The sea wall soon gave way to some rocks, of the sort that looked to have been placed here rather than be natural. Another shower passed close by, but again just missing me, causing a pretty rainbow over the Thames.
More large ships passed by on their way to … somewhere.
The path was good so I made rapid progress along here, helped by the fact it was flat and was soon nearing the point where the wall started to turn left with the Thames which then begins to narrow quite rapidly. London is getting close!
Inland there were many ruined buildings again. They looked like more left overs from World War II, roofless and made of concrete, I wondered what used to happen here. The map showed the buildings too but this time did not offer any clues as to what they were.
The view over the Thames was a varied one, with the wide blue waters of the river in the foreground but beyond that a massive oil refinery and another oil stroage depot.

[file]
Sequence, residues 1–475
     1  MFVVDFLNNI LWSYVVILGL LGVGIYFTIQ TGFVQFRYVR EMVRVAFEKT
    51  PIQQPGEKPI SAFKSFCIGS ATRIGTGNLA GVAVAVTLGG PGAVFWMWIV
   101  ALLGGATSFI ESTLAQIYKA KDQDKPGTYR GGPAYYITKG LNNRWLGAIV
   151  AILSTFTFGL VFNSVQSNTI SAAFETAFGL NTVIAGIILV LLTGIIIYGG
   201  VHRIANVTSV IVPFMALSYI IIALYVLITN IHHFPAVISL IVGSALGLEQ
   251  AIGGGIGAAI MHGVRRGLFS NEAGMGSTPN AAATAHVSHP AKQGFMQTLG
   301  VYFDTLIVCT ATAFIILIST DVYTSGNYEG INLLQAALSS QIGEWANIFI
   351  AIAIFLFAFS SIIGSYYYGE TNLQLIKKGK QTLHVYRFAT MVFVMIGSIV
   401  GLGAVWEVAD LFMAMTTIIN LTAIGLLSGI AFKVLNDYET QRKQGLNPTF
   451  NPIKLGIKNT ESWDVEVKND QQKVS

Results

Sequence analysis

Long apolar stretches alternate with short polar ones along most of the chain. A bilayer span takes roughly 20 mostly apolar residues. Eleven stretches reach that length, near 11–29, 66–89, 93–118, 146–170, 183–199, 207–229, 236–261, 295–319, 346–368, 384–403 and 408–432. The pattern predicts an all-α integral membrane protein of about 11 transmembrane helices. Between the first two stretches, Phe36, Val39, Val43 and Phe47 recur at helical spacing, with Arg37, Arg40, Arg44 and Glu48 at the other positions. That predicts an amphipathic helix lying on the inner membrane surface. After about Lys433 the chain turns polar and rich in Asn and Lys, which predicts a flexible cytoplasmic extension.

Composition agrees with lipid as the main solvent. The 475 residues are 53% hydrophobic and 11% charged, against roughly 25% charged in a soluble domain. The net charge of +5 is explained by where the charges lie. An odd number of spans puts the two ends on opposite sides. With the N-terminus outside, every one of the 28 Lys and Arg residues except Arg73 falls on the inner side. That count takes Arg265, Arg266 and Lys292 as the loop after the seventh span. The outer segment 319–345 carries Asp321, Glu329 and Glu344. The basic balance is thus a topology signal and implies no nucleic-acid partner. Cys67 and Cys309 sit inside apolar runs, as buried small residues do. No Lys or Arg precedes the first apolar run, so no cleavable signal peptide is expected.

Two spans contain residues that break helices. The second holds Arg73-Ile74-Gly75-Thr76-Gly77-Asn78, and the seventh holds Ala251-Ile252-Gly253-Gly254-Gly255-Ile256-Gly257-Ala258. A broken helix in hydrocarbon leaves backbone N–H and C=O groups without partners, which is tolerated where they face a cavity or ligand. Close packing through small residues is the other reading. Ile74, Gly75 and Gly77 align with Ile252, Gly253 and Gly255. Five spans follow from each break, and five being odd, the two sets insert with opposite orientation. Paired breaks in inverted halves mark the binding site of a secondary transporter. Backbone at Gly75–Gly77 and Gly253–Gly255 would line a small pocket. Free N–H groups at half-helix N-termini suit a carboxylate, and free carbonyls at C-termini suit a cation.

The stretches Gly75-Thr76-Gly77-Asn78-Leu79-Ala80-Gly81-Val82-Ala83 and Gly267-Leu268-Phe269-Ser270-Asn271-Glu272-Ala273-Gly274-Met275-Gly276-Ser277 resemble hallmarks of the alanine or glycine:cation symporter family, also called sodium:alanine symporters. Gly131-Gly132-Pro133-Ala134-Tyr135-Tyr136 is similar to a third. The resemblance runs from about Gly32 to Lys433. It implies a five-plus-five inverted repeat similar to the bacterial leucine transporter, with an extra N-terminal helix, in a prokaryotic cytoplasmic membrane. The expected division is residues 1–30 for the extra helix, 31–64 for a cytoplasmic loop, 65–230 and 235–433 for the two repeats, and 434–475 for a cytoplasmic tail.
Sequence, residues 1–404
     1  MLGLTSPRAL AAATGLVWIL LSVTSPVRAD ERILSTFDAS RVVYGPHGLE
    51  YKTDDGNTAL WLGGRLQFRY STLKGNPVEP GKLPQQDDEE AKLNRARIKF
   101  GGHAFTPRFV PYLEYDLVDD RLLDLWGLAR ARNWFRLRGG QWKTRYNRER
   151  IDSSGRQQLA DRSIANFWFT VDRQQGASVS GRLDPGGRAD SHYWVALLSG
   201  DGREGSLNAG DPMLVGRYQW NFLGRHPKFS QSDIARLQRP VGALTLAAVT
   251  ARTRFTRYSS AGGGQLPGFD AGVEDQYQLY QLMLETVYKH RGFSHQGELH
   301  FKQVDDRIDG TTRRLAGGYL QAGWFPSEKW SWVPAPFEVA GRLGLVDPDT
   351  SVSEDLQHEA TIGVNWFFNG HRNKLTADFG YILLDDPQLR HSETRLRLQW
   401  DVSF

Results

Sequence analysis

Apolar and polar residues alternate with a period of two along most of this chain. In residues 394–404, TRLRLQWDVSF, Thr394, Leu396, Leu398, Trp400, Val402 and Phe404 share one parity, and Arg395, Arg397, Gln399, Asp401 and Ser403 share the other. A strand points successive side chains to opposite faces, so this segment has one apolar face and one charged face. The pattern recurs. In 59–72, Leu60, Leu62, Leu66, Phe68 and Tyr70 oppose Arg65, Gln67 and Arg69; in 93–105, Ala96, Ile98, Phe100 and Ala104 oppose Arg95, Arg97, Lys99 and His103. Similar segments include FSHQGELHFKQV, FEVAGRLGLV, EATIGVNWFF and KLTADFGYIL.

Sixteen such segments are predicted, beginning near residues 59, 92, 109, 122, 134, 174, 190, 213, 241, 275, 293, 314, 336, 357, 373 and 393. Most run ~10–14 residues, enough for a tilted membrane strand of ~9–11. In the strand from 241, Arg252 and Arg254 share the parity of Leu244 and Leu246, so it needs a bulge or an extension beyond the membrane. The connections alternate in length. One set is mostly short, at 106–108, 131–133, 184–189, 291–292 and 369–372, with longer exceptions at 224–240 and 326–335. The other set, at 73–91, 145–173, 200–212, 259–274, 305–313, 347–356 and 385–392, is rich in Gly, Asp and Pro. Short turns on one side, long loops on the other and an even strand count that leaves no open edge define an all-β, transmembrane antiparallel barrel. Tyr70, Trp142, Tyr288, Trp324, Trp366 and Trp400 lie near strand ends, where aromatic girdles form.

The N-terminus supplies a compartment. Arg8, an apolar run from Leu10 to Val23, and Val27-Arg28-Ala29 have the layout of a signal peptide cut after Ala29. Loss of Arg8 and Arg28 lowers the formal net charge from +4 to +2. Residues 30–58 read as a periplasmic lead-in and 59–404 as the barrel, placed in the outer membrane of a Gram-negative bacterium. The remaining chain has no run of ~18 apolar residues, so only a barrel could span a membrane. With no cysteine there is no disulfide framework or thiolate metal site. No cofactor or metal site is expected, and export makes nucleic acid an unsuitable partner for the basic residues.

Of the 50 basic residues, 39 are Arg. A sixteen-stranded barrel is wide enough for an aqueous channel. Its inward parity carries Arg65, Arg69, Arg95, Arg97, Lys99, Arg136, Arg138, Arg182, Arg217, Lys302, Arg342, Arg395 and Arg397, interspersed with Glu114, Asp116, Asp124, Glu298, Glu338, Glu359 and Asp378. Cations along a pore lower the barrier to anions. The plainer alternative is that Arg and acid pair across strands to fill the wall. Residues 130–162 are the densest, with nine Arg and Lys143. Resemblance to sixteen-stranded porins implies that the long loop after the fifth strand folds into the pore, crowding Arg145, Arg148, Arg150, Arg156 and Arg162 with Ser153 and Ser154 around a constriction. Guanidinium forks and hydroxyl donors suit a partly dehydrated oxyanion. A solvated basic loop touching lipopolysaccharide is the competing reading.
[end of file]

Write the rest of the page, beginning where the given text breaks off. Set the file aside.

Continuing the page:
This is a landscape that has changed quite a bit since I did this walk. This was over 10 years ago. Since then, the old Oil Storage Depot has been developed into “London Gateway Port”, a huge container port. Though I can’t imagine it is much prettier.
I passed an odd concrete structure, I assumed this was to do with the light marked on the map at Lower Hope Point.
I had now turned to start heading south and looking across the Estuary I could now make out a power station in the distance (Tilbury, I think). Clearly the other bank of the Thames was also going to be rather industrial.
(I later read somewhere that in Northern Europe at least it is common to site most of the industry to the east of the city centre, because the prevailing winds normally come from the west and so blow the pollution away from, rather than over, the city).
Another heavy shower was on the other shore, making for some dramatic light as the sun reflected off the waters of the Thames to the dark clouds on the other bank.
I continued past a derelict pier (not marked on the map). Perhaps connected with the old military structures inland?
I continued to another pier, this one still intact and marked on the map. This had a pipe line marked on the map. Inland are what is now Cliffe Pools Nature Reserve but are I think pools formed my gravel extraction over the years – but not sure that you can pump gravel though a pipe line? So it’s a mystery to me what the pier is used for.